Astronomers have identified three ancient asteroids which they claim are among our Solar System's oldest objects.
According to them, these ancient asteroids are relatively unchanged since they formed some 4.55 billion years ago and are older than the oldest meteorites ever found on our planet Earth.
Lead astronomer Jessica Sunshine of the University of Maryland said, "We have identified asteroids that are not represented in our meteorite collection and which date from the earliest periods of the Solar System.
"These asteroids are prime candidates for future space missions that could collect and return samples to Earth providing a more detailed understanding of the solar system's first few millions of years."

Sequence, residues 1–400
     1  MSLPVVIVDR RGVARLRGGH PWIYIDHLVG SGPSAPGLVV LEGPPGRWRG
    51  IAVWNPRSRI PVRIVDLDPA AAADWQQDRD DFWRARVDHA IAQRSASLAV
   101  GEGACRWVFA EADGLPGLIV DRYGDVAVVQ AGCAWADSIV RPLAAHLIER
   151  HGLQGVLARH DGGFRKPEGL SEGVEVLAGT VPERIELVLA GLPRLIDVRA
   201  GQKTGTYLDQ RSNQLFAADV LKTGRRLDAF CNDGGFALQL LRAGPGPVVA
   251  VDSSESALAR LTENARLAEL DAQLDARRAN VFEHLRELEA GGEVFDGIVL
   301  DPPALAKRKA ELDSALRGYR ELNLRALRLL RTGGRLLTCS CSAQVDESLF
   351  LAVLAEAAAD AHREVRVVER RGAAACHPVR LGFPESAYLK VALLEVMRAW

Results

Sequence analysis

Sunshine and her fellow researchers at City University of New York, the Smithsonian Institution and the University of Hawaii detected the asteroids using visible and infrared data collected from telescopes on Hawaii's Mauna Kea.
At the beginning of the Solar System, there was just a disk-shaped cloud of hot gas, the solar nebula. When gasses on edge of the early nebula began to cool, the first materials to condense into solid particles were rich in calcium, aluminium.
As the gasses cooled further, other materials also began to condense. Eventually the different types of solid particles clumped together to form the common building blocks of comets, asteroids, and planets.